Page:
Indian Government Owes Several Apologies
By Jamia Teachers’ Solidarity Association
15 April, 2012
After extracting US apology over Shahrukh Khan, the Indian Government owes several apologies too
The Indian government has rejected the ‘mechanical apology’ being offered by the US for detaining the super star Shahrukh Khan at the airport for 90 minutes too long. The US Deputy Chief of Mission has been summoned, and institutional mechanisms to ensure that there is no repeat of such an incident.
Now, may we ask the hyper active and sensitive Indian government to tender apologies—and genuine apology please, not a mechanical one—for detaining (illegally), incarcerating, torturing—in short, destroying and tearing apart the lives of hundreds of its own citizens in supposedly fighting terror.
- The government could do well by starting with apologizing to Md. Amir Khan, who has spent half his life in prisons before 17 of the 19 blasts cases in which he was accused, fell apart because there was simply no evidence against him. Could someone please say sorry to him: for a lost childhood, for his grief-crazed mother’s paralysis, for his heartbroken father’s early death, for his broken, crumbling home.
- Syed Maqbool Shah, surely deserves to be told that someone is apologetic that he had to spend 14 years in high security prisons because the Delhi police falsely claimed recovering the tyre of the stolen car used in the Lajpat Nagar blasts in 1996. In 2010, the courts pronounced Shah innocent. By then all that was left of his life could be bundled in a small pouch: his mercy petition, copies of handwritten letters addressed to all chief ministers of Jammu & Kashmir since 1996, Union home ministers and the International Committee of Red Cross pleading for justice, his jail diaries and a passport size passport photo of 17-year-old Shah, about the time he was arrested.
- Shakeel Ahmed Khan and six others who spent six years in jail after being booked under TADA for conspiring to assassinate BJP leaders MM Joshi and Jagmohan. His family was reduced to penury and survived by donations from a local shrine. Could this humiliation and indignity be ever compensated for? Perhaps not, but does Shakeel’s family at least not deserve a public message of apology from the government?
- Who will pay for the three years lost in solitary cells of eleven men from Rajasthan for allegedly furthering the activities SIMI—allegations which could not stand the scrutiny of evidence.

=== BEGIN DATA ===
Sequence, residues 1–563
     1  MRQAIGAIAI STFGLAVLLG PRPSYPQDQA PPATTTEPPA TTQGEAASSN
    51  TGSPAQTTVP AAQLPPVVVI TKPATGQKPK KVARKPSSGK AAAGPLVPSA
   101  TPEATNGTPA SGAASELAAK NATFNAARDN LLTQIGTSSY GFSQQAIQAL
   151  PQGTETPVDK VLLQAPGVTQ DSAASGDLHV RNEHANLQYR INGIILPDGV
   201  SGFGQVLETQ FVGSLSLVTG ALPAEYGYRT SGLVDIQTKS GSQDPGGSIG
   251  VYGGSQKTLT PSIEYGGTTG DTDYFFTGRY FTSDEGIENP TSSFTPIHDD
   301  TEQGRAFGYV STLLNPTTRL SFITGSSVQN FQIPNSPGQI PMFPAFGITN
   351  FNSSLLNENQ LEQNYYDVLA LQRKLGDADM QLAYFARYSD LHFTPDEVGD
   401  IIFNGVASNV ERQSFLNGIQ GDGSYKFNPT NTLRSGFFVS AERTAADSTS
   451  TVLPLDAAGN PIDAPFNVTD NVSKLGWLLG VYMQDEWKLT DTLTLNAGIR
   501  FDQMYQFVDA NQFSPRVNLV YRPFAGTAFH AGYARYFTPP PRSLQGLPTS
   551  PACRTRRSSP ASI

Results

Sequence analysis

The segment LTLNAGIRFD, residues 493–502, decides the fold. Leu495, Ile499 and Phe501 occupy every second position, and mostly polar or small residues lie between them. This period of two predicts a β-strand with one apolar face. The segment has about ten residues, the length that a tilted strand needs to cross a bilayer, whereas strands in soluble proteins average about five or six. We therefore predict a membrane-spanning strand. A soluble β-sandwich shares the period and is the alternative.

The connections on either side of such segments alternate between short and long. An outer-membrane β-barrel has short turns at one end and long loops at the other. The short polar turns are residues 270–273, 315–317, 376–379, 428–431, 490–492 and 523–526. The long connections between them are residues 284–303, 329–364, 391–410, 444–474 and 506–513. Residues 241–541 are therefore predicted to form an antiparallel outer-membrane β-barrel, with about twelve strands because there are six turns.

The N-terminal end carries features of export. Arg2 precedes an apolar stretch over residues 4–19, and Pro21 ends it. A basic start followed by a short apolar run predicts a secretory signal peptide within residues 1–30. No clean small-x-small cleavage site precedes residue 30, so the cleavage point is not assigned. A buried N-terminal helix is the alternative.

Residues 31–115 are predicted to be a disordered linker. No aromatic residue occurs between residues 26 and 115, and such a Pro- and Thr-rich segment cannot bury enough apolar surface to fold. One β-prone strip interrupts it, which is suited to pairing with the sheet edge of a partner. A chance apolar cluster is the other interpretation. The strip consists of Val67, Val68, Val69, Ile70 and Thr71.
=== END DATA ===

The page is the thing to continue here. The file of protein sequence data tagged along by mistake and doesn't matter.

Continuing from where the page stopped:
- While the Andhra Pradesh government has channelized funds of Mecca Masjid administration by way of compensation to some of those wrongfully implicated in the Masjid bombings, an apology is still not forthcoming.
- Dozens of those falsely implicated by the Special Cell of Delhi: Saquib Rehman, Bashir Ahmed Shah, Nazir Ali Sofi, Ghulam Moinuddin Dar, Abdul Majid Bhat, Abdul Qayoom Khan, Birender Kr. Singh (spent over 5 and a half years in jail before being acquitted in 2010); Imran Kirmani (spent 4 and a half years in prison); Gulzar Ahmed Ganai ad Mr. Amin Hajam (3 years). All were accused of being ISI, Laskar e Tayyaba or HUJI operatives and all were acquitted by the courts because either no evidence could be found, or because evidence was concocted. No apology still?
Does anyone, anywhere in the machinery of our government ever feel any remorse when young men like Rashid Hussain are picked up for questioning in serial blasts and when their employers Infosys – otherwise the paragons of corporate social responsibility – refuse to let them return to their jobs? Or when established model Tariq Dar was arrested upon his landing at the international; airport, tortured and accused of having LeT links, but charges which the Special cell could not even translate into a chargesheet after keeping Dar in custody for 90 days.
They want an apology—for the wasted years, for the stigma, for the loss of dignity, and yes, for the pain and dehumanization of torture. Is it too much to offer one’s own citizens who have been wronged an apology?
Released by Jamia Teachers’ Solidarity Association
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